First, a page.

Summarize briefly the 2004 EPA and FDA fish consumption advisory, including the advice for pregnant and nursing women and women who could become pregnant.
Fish contains beneficial nutrients such as docosahexaenoic acid (DHA) that promote healthy brain development in the fetus. However, unfortunately most fish contain mercury. This poses a dilemma for pregnant women because mercury is a toxic metal pollutant that causes neurological and other health problems. The toxicity of inorganic mercury pollution is magnified in the environment because bacteria biotransform it into highly toxic methylmercury. Children who are exposed prenatally to methylmercury are especially vulnerable to the chemical’s neurotoxic effects.
For this assignment:
Read the prenatal fish consumption advisory issued jointly by the EPA and the Food and Drug Administration (FDA) in 2004 (available at http://water.epa.gov/scitech/swguidance/fishshellfish/outreach/advice_index.cfm). Take a special note of the advice about the types of fish. Since mercury bioaccumulates (i.e., not easily excreted from the body), larger predatory fish, which eat many fish containing small amounts of mercury, contain higher levels of mercury (e.g., shark, swordfish, king mackerel, and tilefish).
Go to the seafood section of your local grocery store, a local fish market, or a local seafood restaurant. Determine if shark, swordfish, king mackerel, or tilefish are for sale. Examine the displays, packaging, or menu warnings about fish consumption and pregnancy and breastfeeding.
Read the following article:Oken, E., Radesky, J. S., Wright, R. O., Bellinger, D. C., Amarasiriwardena,
C. J., Kleinman, K. P., … Gillman, M. W. (2008). Maternal fish intake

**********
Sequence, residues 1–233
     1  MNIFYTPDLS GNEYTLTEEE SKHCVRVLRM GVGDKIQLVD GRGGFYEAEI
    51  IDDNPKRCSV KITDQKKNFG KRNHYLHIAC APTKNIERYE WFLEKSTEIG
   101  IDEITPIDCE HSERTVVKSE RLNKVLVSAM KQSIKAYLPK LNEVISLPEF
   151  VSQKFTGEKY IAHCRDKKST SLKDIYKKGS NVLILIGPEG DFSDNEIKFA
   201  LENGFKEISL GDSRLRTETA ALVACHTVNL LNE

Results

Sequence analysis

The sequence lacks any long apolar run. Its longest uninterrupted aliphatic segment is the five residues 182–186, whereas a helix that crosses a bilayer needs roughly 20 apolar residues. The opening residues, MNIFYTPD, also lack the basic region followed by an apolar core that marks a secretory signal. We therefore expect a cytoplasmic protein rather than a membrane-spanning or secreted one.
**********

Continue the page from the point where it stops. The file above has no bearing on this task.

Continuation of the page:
during pregnancy, blood mercury levels, and child cognition at age 3
years in a US cohort. American Journal of Epidemiology, 167(10),
This study was able to separate the potential nutritional benefits of fish consumption during pregnancy from the potential harmful effects of low-level mercury exposure from fish. Review the abstract and the mothers’ blood mercury levels according to the amount of fish consumed per week (top of Table 1, page 1175). The introduction to the paper summarizes the nutritional benefits from fish, e.g., as a source of DHA that many women otherwise lack in their diets. In addition, review Figure 1, which shows childhood cognitive test results for mothers who consumed more fish and for mothers with higher blood mercury levels.
Conduct research on the Internet to learn more about Minamata disease and its origins. The population was exposed to high levels of methylmercury by consuming fish that contained very high levels of the pollutant as a result of industrial discharge into Minamata Bay. The first signs that something was wrong were that fish swam crazily, sea birds were unable to fly, and cats began dancing strangely. Congenital Minamata disease was the first transplacental toxic disorder that was scientifically established; before that time, it was believed that the placenta protected the fetus from hazardous chemicals.
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